Officials in the Biden administration appear to be stalemated on the decision of whether to treat Chinese smartphone maker Honor, a company created when Huawei divested its operations in that segment in order to evade restrictions from the Trump administration’s assignment of the telecom giant to the Commerce Department’s Entity List in 2019.
Huawei sold Honor, its smartphone business, to a company dubbed Shenzhen Zhixin New Information Technology Co in 2019. According to Chinese state-run news outlet Global Times, while the “consortium” is composed of “more than 30 previous agents and dealers, including Beijing Songlian Technology Co,” Shenzhen Smart City Technology Development Co, which is controlled by the Shenzhen City government, owns 98.6 percent of Zhixin’s shares.
Global Times quoted a Chinese telecom analyst as describing the restructuring as, “Basically, it’s a ‘rescue action’ led by the government.”
According to Reuters, citing anonymous internal sources, Huawei scooped what amounted to a 100 million yuan bailout in the deal, the equivalent of $15.2 billion USD.
Huawei was forced to sell its smartphone business after its placement on the Department of Commerce’s Entity List when the Trump administration began to regard the company as a national security risk in 2019.
The sanction prevented U.S. companies from selling hardware and software to Huawei, which forced giants such as Google and Qualcomm to cut off access.
A Sept. 19 article by Washington Post citing “several people familiar with the matter, who spoke on the condition of anonymity to discuss the confidential process,” said that “career personnel at four agencies [were] split on whether to put the smartphone-maker, Honor, on the Commerce Department’s entity list.”
“Staff members at the Pentagon and Energy Department supported placing the company on the blacklist, while their counterparts at the Commerce Department and State Department opposed it.”
In August, the Republican Foreign Affairs Committee wrote to Biden’s Secretary of Commerce Gina Raimondo, asking the administration to treat Honor as if it were the same as Huawei by adding it to the Entity List, “Analysts have noted that selling Honor gave it access to the semiconductor chips and software it relied on and would have presumably been blocked had the divestiture not gone through.”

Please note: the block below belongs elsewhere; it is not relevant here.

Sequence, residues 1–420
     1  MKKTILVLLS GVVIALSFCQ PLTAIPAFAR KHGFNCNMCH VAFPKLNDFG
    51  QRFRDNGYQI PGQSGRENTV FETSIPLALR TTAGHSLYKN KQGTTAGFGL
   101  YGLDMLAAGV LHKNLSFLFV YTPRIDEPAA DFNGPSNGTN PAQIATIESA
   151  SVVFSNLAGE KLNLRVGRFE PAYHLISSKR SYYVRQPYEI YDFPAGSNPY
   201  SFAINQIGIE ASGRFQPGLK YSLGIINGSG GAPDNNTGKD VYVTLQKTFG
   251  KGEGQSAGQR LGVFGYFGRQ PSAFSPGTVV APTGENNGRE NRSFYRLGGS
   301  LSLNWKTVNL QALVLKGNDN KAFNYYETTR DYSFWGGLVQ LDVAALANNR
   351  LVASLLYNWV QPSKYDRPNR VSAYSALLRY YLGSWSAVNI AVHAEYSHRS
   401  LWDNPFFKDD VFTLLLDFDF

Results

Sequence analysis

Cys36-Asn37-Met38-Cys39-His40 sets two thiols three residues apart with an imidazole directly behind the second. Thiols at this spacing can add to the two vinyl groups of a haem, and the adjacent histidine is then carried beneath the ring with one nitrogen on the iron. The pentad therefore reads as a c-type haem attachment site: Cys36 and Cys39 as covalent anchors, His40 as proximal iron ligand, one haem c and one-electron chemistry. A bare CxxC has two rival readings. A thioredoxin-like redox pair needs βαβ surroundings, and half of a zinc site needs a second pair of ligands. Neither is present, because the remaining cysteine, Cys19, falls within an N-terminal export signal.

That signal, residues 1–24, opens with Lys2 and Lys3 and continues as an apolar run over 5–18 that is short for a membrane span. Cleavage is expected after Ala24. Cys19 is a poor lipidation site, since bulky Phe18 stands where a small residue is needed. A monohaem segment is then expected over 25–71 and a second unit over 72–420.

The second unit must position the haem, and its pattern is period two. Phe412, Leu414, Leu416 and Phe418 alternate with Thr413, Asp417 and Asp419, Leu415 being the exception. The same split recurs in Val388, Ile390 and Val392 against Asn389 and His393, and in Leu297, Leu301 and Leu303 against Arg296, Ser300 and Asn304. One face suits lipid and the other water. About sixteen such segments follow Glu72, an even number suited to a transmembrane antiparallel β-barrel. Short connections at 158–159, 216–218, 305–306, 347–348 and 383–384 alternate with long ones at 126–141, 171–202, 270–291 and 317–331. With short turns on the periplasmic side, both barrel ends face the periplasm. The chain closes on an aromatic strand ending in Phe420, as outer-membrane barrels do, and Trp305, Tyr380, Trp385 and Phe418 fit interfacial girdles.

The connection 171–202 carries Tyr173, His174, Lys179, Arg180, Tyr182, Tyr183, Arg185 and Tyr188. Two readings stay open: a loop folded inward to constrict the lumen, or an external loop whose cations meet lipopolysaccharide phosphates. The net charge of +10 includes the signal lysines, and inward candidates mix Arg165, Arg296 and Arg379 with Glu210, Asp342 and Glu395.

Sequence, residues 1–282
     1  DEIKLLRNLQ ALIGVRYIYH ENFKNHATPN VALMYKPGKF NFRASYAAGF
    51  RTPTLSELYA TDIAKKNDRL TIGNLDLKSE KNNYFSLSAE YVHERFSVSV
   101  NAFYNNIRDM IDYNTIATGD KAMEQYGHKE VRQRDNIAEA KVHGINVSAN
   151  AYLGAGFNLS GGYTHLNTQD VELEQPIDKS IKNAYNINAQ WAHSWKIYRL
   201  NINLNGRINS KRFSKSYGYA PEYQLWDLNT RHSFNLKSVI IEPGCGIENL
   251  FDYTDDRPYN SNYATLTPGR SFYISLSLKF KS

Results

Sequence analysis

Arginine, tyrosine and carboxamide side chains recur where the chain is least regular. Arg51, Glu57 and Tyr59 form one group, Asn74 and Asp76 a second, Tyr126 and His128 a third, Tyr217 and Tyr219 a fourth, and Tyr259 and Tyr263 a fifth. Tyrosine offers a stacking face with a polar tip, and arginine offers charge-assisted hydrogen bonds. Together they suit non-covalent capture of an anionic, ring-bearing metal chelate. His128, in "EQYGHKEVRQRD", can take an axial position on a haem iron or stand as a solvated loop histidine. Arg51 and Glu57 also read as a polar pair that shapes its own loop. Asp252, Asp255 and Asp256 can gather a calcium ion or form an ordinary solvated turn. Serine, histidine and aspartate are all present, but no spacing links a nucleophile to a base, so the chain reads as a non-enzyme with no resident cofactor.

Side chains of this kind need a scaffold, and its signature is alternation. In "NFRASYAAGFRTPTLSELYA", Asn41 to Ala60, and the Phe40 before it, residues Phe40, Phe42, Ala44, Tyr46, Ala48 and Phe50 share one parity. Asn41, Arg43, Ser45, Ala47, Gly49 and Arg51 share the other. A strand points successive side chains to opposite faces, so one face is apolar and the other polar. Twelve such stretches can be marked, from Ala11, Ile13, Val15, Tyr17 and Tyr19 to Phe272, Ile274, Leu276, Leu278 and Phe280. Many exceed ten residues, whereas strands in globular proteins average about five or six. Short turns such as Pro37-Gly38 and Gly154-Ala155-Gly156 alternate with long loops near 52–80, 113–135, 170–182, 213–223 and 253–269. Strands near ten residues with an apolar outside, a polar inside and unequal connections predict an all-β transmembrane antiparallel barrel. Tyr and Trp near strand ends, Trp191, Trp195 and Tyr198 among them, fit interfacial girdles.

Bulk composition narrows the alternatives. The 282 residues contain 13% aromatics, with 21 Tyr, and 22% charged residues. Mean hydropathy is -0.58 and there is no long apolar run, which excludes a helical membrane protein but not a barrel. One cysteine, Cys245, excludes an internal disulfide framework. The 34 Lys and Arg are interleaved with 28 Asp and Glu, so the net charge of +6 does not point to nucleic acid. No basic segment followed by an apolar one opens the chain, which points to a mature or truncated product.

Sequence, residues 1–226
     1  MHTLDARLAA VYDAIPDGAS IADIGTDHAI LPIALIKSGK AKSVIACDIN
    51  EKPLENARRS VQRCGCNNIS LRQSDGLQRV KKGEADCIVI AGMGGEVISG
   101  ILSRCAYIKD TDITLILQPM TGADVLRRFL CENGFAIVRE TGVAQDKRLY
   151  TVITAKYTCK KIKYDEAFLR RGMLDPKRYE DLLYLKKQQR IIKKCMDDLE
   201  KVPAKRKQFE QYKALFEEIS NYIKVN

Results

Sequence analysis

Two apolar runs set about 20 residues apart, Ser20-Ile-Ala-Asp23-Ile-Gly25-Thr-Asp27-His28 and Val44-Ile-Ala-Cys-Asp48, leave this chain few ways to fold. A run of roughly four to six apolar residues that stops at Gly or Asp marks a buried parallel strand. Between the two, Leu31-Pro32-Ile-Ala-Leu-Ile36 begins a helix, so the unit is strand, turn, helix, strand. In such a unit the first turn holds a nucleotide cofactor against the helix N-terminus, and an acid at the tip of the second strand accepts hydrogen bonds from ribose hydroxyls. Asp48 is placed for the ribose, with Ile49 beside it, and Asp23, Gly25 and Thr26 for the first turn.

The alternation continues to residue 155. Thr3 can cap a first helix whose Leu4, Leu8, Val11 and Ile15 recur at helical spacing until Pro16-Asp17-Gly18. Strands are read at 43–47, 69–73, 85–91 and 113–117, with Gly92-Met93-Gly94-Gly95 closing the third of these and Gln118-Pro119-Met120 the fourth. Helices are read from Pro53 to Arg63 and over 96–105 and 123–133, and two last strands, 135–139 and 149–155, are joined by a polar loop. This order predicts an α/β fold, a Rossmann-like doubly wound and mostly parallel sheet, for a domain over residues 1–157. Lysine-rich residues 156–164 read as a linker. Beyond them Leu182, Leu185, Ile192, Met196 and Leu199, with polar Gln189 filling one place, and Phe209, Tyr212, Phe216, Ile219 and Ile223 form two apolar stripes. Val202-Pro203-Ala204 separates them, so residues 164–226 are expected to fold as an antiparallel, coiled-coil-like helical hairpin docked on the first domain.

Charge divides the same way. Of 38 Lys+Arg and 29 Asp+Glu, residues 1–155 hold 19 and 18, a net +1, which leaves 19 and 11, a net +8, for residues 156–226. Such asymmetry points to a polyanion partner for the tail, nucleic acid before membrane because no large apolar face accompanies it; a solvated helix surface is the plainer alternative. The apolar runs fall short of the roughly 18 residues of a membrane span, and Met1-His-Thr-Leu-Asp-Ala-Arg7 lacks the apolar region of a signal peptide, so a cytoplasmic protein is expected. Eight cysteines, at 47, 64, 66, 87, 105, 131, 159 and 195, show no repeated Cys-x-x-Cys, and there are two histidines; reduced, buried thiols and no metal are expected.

“This coordinated divesture and acquisition reveal the extent to which nominally private entities, such as Honor, are deeply embedded within a PRC ecosystem that leverages interconnections among the CCP, state-owned banks, local governments, and venture capital for strategic objectives,” read the letter signed by 13 members of the U.S. House of Representatives, including the controversial Liz Cheney.
“The sale of Honor was not a market-based outcome, but rather orchestrated by the Party-state. The same concerns about technology exports to Honor when it was part of Huawei should apply under its current state-backed ownership structure. If we move too slowly and focus only on discrete entities rather than networks and ecosystems, the CCP’s novel Party-state economy can outmaneuver U.S. sanctions.”
Washington Post noted one roadblock to adding the divestment to the Entity List is that currently, Honor’s products are not being sold in the United States.
The Post nonetheless confirmed the concerns championed by the Republican lawmakers in its article when it said, “Soon after Huawei sold Honor, several U.S. companies began striking deals to sell chips to the new company.”
“Qualcomm, based in California, is selling Honor a high-tech chip that the Chinese company is using in its newly launched 5G smartphones. Qualcomm overall is supplying technology for three new Honor phones, Qualcomm’s chief executive said during a July conference call with investors,” reads the article.
U.S. companies have what seems to be a fetish for dealing with the CCP. In 2016, x86 processor giant AMD, a company on its last legs, resurrected itself after it entered into a joint venture with CCP Military-Civil Fusion initiative partner Sugon that saw an extensive transfer of U.S. intellectual property to the Chinese regime.
Earlier in the year it was revealed that multiple U.S. municipalities and school boards had purchased and installed thermal cameras and various surveillance equipment for the purpose of installing “measures” to fight against COVID-19 from Hangzhou Hikvision, another Chinese company placed on the Entity List by Trump.
In September, it came to light that the Secret Service and Federal Bureau of Investigation had both purchased drones made by Da Jing Information (DJI), a China-based company that is a known national security risk. Over the years, DJI began to dominate the drone market after it knocked several U.S. drone manufacturers out of the market by aggressively undercutting on price.